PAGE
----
Public transit in the German city of Köln (Cologne in English) is the responsibility of Kölner Verkehrs-Betriebe AG, which is responsible for operating the light rail and bus system and the subway (U-Bahn). Collectively the public transit network is known as the Cologne Stadtbahn.
When we were in Cologne in early December 2021, we used the trams and subway. I don’t believe we used a bus.
Trams in Köln
The tram network in Köln was largely destroyed during WW2, as was much of the city. After the war, much of the network was not restored. Over time a new light rail network was built which serves Cologne and the neighbouring city of Bonn – the former capital of West Germany.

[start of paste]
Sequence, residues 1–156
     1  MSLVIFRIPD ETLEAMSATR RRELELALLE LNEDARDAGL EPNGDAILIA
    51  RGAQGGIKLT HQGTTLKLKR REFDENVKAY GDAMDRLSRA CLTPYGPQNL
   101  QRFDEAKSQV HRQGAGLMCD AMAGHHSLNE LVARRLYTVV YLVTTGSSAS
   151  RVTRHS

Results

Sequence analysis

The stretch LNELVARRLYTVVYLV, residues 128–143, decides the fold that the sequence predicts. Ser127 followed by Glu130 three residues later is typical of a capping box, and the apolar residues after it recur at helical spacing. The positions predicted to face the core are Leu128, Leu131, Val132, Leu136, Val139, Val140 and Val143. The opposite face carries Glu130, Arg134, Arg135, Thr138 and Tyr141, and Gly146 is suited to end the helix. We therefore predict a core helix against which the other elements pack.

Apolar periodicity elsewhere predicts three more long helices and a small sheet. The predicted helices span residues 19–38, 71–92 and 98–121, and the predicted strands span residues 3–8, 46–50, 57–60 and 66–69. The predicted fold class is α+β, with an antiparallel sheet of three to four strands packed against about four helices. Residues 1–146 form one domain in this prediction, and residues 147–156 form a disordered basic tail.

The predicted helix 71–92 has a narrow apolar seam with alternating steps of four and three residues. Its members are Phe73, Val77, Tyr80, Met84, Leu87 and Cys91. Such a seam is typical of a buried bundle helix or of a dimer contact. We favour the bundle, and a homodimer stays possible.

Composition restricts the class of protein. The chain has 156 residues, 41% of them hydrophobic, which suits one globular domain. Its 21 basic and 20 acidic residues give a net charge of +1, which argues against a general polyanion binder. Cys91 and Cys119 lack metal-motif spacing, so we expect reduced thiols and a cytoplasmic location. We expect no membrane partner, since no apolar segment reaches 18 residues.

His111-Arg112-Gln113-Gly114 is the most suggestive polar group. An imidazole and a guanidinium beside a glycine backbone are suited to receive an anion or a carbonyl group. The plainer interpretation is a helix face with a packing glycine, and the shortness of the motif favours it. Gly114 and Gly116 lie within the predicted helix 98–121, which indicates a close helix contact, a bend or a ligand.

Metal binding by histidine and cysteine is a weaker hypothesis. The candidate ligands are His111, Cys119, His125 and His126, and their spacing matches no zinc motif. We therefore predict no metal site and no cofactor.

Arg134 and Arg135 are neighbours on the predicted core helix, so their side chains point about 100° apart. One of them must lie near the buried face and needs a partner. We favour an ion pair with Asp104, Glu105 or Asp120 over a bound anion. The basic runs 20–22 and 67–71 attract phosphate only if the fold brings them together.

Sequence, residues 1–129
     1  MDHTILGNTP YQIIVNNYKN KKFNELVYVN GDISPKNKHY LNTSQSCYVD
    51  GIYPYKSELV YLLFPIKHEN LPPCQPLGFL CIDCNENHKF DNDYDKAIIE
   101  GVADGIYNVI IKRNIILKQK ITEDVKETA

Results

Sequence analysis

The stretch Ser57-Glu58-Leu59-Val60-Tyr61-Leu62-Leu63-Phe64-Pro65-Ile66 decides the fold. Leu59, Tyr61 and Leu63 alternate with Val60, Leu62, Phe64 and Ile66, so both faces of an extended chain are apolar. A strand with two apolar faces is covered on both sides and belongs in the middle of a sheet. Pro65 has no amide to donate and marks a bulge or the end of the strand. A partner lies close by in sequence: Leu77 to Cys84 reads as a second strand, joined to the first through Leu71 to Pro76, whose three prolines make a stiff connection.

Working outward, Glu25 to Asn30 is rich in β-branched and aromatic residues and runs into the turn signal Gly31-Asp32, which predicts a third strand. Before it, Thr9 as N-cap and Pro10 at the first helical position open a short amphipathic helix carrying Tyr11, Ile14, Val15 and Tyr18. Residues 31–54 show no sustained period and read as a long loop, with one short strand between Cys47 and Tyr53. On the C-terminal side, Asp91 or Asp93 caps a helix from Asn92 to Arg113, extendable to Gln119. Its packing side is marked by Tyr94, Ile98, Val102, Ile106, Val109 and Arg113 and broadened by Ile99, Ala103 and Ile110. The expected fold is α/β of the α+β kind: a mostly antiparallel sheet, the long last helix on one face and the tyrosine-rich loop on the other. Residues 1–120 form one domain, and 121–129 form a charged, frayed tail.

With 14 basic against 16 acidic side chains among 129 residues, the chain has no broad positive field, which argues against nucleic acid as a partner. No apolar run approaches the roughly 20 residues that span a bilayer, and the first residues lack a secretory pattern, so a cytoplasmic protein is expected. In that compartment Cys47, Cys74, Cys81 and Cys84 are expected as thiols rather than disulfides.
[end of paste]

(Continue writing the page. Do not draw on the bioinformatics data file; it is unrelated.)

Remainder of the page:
The network is not exactly symmetrical – see maps here – but consists of a couple of concentric arcs along with some lines radiating out from the centre.
Note the KVB (for Kölner Verkehrs-Betriebe) beside the door of the vehicle above.
Our hotel – the Motel One Cologne-Neumarkt – was next to the important Neumarkt transit hub. I went out one night to photograph some light rail vehicles by the Christmas market there.
Cologne runs Bombardier Flexity light rail vehicles. According to this 2020 article, they ordered 6 additional FLEXITY LRVs to add to the existing 287 LRVs in the area. Most are Flexity Swift LRVs manufactured between 1995 and 2007.
I played a bit with panning.
The Köln Subway
The “subway” in Cologne is really more like an underground tram network. It’s called the U-Bahn.